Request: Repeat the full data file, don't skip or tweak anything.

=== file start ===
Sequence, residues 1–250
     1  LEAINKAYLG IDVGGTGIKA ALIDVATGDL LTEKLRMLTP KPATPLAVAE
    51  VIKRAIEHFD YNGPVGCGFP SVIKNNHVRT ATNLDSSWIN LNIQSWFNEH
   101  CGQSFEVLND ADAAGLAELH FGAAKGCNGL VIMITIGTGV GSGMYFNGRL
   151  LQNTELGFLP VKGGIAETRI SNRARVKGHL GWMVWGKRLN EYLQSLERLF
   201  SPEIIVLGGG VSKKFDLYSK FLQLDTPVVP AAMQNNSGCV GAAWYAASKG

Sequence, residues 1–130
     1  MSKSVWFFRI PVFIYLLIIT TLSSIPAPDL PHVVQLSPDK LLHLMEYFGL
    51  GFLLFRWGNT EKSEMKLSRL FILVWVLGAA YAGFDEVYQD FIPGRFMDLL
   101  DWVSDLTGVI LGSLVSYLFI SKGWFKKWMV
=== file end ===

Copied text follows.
Sequence, residues 1–250
     1  LEAINKAYLG IDVGGTGIKA ALIDVATGDL LTEKLRMLTP KPATPLAVAE
    51  VIKRAIEHFD YNGPVGCGFP SVIKNNHVRT ATNLDSSWIN LNIQSWFNEH
   101  CGQSFEVLND ADAAGLAELH FGAAKGCNGL VIMITIGTGV GSGMYFNGRL
   151  LQNTELGFLP VKGGIAETRI SNRARVKGHL GWMVWGKRLN EYLQSLERLF
   201  SPEIIVLGGG VSKKFDLYSK FLQLDTPVVP AAMQNNSGCV GAAWYAASKG

Sequence, residues 1–130
     1  MSKSVWFFRI PVFIYLLIIT TLSSIPAPDL PHVVQLSPDK LLHLMEYFGL
    51  GFLLFRWGNT EKSEMKLSRL FILVWVLGAA YAGFDEVYQD FIPGRFMDLL
   101  DWVSDLTGVI LGSLVSYLFI SKGWFKKWMV